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Platelets. 2019 Feb 13:1-6. doi: 10.1080/09537104.2019.1571188. [Epub ahead of print]

Platelet-lymphocyte ratio (PLR) and all-cause mortality in general population: insights from national health and nutrition education survey.

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1
a Division of Hospital Medicine , Virginia Commonwealth University , Richmond , VA , USA.

Abstract

Platelet lymphocyte ratio (PLR) is a novel marker of inflammation that has gained popularity, especially in prognostication of cardiac diseases and malignant conditions. Several studies have examined the relationship between PLR and disease-specific mortality but none has examined this relationship with all-cause mortality in general population. Therefore, we examined the relationship between PLR and all-cause mortality using data from the National Health and Nutrition Examination Survey (NHANES) from the year 1999 to 2010. The role of PLR in predicting all-cause mortality was evaluated using Cox proportional hazards model adjusting for age, race, gender, smoking history, diabetes, hypertension, serum cholesterol, estimated glomerular filtration rate, serum c-reactive protein, and body mass index. Differential effect of age was examined using difference of differences analysis. Of the 27321 individuals, 2581 died during 171223 person-year follow-up. Mean PLR was significantly higher in participants who died than those who were living at the end of follow-up (145.7 vs. 133.0, respectively, p < 0.001). Individuals in the fourth quartile of PLR were at significantly higher risk of mortality than those in the first quartile (HR = 1.26, 95% CI: 1.08-1.47, p = 0.004 and adjusted HR = 1.33, HR, 95% CI: 1.15-1.54, p < 0.001, respectively). When examining the differential effect of age, association between PLR and mortality was seen in the elderly but not in the middle age or younger participants. Elevated PLR is associated with increased all-cause mortality, especially in the elderly. Further studies examining the mechanism through which PLR may increase mortality are needed.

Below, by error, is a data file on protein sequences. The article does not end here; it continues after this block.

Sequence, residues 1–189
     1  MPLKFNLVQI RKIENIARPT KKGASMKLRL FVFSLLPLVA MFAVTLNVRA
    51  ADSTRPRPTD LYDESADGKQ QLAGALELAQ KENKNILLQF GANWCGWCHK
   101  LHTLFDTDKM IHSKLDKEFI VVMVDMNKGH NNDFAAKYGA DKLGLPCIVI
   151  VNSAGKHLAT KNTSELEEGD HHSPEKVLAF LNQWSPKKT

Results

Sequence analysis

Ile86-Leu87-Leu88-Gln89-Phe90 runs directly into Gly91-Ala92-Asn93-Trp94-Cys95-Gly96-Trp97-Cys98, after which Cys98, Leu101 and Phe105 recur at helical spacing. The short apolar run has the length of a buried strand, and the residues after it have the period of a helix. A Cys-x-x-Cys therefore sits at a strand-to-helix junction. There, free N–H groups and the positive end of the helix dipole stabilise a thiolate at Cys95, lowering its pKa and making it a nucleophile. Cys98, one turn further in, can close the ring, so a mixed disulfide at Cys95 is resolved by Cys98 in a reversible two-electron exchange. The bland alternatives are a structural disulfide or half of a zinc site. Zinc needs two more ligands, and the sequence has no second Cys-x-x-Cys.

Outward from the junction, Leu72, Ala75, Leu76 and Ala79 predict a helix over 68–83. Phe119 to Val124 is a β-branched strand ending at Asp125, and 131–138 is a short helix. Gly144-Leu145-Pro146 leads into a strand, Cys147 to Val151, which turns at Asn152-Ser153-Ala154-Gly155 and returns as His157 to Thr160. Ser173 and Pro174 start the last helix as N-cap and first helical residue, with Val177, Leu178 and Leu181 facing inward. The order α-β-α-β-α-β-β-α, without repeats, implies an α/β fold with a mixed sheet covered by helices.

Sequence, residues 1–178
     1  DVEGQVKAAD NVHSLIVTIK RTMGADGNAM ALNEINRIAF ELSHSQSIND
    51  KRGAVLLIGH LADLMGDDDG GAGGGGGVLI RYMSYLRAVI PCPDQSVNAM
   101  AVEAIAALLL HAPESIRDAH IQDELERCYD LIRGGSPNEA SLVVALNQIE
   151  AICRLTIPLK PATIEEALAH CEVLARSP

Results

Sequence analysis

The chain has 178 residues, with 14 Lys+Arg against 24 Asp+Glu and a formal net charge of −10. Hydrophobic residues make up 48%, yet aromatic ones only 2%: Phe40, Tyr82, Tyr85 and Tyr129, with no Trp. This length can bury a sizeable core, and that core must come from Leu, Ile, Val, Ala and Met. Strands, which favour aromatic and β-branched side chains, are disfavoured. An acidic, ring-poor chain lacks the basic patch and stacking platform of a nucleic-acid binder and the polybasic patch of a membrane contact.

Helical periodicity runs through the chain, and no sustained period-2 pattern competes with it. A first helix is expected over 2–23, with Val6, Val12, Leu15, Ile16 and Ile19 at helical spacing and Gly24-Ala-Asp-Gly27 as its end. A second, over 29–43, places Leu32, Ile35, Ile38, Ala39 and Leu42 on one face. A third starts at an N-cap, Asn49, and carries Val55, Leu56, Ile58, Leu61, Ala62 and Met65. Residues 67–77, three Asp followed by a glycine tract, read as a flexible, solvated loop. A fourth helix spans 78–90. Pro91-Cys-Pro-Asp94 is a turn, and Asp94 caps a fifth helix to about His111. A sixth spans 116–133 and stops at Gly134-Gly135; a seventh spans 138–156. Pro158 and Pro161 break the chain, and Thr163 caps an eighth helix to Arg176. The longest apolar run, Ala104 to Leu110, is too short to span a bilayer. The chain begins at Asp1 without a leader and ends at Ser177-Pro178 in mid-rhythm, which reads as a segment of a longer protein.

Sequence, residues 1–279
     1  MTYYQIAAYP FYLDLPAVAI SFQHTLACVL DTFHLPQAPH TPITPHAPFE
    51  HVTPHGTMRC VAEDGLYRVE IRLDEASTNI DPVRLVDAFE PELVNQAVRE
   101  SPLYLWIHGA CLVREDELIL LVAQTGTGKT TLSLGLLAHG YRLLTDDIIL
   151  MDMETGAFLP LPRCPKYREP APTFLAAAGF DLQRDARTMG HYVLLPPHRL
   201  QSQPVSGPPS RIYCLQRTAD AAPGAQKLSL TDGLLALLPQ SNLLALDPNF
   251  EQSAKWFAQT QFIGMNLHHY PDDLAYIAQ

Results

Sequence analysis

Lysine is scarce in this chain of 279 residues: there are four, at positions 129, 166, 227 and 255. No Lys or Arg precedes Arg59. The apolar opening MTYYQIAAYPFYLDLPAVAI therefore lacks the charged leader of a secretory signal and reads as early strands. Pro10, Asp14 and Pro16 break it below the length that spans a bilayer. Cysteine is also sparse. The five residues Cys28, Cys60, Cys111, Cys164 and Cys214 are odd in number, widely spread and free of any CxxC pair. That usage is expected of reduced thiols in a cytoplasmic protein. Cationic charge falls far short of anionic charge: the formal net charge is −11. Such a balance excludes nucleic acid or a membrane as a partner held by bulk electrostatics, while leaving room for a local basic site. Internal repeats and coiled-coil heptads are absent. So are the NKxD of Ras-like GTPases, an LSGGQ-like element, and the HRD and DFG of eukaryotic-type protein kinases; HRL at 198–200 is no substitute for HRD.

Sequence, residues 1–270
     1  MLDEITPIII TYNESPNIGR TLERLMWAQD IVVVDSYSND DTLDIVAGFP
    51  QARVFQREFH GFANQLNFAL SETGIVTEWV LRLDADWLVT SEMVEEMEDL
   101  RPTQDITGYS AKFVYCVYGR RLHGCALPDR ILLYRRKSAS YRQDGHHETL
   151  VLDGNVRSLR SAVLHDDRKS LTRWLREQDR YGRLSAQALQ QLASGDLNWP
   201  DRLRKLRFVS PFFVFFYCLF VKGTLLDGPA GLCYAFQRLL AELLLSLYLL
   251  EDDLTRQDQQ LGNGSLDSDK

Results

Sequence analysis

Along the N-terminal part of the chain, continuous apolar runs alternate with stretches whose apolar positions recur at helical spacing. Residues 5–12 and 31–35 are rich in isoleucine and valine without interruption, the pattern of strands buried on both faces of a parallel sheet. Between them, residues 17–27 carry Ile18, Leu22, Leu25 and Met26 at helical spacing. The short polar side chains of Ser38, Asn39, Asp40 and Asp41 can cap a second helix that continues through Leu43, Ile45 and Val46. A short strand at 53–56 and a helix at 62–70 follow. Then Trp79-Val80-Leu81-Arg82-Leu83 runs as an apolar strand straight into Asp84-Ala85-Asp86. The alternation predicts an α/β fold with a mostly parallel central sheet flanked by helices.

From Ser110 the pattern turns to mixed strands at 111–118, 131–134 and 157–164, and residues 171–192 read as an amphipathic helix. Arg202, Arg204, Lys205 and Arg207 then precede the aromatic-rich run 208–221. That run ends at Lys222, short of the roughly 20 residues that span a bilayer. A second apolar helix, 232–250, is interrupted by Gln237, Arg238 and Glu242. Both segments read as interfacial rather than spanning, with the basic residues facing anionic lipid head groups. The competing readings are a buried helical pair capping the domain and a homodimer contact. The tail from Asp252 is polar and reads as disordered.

KEYWORDS:

Inflammation; lymphocyte; mortality; platelet

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